May 29, 2007 in Home
Your best bet: short-season tomatoes
The tomato and pepper plants have been in the stores for weeks. When is it really time to plant them? Also I always have trouble getting them ripe at the end of the summer.
Ann, Coeur d’Alene
This is probably one of the most frequently asked questions by Inland Northwest gardeners. I think we are safe at this point to plant tomatoes, peppers, eggplant, beans, corn, cucumbers, melons and squash. All these vegetables, and a few others, need warm soil and no chance of frost. But it’s always a good idea to keep the sheets handy, especially if you live at higher elevations or in perennial cold pockets.
Getting tomatoes and peppers to ripen at the end of the summer takes some planning and preparation now. First, buy short-season varieties. This information should be on the tag. Tomatoes and peppers should have a 65-75 day ripening time. Many people like to grow heirloom tomatoes, and they are fine if we get a long hot growing season, but most of them take more than 75 days to ripen.
You can help them along though now by covering them with floating row cover. Water and light get through but the fabric holds in some of the heat, especially at night. The fabric can be removed in late June, when the nights begin to stay over 55 degrees. Both tomatoes and peppers need 55-degree nights to begin setting fruit.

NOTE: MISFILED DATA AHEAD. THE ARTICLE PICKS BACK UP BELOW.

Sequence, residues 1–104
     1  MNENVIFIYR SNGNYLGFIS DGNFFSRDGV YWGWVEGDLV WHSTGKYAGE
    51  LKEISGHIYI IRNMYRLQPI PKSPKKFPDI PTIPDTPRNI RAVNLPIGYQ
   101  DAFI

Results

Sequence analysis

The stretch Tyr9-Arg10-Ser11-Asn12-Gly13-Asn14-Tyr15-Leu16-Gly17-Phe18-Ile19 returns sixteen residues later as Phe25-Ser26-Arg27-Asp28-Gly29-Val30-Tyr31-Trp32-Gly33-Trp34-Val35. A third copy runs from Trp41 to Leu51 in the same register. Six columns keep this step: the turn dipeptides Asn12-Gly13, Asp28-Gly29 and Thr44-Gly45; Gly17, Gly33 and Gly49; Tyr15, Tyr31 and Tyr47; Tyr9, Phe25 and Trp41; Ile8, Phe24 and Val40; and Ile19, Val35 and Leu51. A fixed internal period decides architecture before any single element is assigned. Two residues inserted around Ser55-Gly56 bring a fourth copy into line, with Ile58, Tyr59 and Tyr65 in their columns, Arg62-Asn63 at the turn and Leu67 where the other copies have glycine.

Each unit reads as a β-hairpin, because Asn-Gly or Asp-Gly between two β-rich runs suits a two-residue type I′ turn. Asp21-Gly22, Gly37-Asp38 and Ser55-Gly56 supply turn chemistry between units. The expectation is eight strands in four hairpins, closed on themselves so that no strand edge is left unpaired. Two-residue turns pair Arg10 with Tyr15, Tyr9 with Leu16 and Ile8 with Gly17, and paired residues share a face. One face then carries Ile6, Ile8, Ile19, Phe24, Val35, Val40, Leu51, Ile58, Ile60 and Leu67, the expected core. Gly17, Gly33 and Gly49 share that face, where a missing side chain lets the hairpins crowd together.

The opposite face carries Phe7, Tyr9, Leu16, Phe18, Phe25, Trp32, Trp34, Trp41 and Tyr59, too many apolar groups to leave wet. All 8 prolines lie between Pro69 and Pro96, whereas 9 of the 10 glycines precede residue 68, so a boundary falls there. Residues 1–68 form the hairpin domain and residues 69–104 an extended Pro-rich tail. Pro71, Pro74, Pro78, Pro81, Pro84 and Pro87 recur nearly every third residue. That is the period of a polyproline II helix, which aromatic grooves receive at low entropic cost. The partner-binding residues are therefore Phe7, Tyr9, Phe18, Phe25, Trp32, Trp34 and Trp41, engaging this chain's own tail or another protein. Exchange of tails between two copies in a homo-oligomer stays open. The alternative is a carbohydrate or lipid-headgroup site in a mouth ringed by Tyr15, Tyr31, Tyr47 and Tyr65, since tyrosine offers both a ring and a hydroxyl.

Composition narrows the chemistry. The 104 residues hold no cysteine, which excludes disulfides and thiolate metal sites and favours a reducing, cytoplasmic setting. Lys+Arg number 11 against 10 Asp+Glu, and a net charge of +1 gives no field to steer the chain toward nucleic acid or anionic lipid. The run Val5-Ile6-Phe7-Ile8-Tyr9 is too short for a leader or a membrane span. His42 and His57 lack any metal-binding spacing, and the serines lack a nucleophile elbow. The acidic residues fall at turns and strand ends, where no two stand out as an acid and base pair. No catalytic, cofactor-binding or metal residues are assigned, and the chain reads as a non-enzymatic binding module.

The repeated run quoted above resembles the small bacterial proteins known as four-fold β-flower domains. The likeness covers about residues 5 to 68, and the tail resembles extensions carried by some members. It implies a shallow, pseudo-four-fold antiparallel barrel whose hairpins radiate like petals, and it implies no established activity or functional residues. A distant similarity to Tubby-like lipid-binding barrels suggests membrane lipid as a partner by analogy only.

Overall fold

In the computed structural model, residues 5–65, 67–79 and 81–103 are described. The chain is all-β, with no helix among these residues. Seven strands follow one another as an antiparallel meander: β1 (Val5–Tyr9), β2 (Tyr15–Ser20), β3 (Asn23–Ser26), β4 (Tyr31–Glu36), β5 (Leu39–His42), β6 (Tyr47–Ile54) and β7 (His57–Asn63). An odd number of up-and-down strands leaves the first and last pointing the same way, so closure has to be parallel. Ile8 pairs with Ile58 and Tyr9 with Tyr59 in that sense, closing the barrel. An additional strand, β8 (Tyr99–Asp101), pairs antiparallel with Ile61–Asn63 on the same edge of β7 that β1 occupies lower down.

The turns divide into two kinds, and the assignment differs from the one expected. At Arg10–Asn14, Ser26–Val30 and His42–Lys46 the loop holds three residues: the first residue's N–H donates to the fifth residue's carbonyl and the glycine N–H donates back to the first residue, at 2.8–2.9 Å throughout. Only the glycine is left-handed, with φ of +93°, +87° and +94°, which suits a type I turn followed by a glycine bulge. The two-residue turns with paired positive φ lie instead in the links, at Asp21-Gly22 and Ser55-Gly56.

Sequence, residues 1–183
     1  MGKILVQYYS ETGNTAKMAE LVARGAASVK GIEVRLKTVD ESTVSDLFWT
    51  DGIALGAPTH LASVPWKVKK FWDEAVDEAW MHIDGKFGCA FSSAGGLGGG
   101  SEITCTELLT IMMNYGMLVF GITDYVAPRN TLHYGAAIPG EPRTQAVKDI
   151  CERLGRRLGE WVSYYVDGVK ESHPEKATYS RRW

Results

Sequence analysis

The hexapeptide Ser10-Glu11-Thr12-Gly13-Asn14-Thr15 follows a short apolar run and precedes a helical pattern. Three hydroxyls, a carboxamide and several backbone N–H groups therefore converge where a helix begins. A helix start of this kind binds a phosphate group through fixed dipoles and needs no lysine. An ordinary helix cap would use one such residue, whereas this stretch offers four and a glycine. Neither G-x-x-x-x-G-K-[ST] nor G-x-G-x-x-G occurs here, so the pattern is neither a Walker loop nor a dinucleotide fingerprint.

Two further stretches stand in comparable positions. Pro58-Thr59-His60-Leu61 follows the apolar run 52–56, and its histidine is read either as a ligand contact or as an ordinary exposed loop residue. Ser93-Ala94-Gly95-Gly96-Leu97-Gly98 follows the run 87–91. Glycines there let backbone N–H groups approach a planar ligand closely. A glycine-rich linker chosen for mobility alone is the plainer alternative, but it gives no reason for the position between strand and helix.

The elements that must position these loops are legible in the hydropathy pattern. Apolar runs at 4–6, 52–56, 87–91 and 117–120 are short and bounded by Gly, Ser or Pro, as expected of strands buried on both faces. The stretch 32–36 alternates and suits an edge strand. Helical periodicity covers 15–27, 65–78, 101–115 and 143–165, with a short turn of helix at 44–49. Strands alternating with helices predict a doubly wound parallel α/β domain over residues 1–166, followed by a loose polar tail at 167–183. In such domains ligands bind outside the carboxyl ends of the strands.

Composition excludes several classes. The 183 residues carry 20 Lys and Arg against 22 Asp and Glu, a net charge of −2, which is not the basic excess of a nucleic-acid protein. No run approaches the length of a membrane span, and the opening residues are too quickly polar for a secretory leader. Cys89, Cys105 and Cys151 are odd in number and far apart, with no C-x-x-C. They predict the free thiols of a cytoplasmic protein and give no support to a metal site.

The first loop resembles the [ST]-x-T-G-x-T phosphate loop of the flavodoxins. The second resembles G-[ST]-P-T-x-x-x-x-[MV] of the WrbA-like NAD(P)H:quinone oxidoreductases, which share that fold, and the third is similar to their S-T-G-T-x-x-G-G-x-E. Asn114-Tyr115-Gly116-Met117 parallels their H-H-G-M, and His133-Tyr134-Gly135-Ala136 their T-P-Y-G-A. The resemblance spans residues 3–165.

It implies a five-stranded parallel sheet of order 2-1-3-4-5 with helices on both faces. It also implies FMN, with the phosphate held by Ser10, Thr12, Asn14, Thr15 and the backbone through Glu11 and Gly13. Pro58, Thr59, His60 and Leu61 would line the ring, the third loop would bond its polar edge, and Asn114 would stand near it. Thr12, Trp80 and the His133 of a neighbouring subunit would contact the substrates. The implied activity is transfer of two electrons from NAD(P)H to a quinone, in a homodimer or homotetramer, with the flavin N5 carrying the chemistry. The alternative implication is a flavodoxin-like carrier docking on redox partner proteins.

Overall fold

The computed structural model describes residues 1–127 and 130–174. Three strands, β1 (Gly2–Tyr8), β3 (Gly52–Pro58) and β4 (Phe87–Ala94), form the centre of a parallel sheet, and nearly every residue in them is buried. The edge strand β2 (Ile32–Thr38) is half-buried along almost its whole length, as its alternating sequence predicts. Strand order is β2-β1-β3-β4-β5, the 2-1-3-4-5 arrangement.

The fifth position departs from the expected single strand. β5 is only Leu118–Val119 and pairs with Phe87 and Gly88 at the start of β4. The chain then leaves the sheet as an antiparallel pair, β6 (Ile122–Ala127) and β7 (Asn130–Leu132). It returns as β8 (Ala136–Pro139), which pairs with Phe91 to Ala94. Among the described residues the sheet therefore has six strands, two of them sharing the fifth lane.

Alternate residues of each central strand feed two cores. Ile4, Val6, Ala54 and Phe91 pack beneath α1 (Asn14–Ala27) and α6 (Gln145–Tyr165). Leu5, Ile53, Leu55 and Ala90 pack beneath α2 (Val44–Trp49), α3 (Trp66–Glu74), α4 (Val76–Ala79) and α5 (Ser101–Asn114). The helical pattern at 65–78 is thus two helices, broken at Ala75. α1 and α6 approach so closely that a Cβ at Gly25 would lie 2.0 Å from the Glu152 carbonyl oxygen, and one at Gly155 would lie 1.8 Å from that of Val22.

At the end of the summer, after it cools off, reinstall the fabric to again hold heat in and help finish ripening.
Cursed with crabgrass
I have a major problem with crabgrass. How do I get rid of it?
Crabgrass is an annual weedy grass that invades moist lawns and garden beds during warmer weather. It has large hairy leaves that grow out in a flat circle with branched seed heads that look like bird’s feet. Because it is an annual, the plant itself lives one year. It reproduces by growing great quantities of seed that overwinter in the soil. Controlling the seed production is the key to getting rid of crabgrass.
First make sure your lawn is healthy. Avoid watering lightly on a daily basis in favor of deep soakings every three to five days, depending on your soil. Fertilize properly so the grass grows in thickly. Reseed bare spots, as crabgrass will invade bare areas first. Mow at the proper height.
Because crabgrass is a grass, broadleaf herbicides won’t affect it. The best way to control it is to apply a pre-emergent herbicide to the lawn about the time the forsythias finish blooming in the spring. These are sold under a variety of trade names and are often combined with fertilizers. An organic control product is corn gluten meal. These herbicides prevent the seed from germinating and kill very young seedlings. The pre-emergent herbicide can also be applied to garden beds if crabgrass is a problem there. Later in the summer, keep an eye out for errant plants that are going to seed and pull them.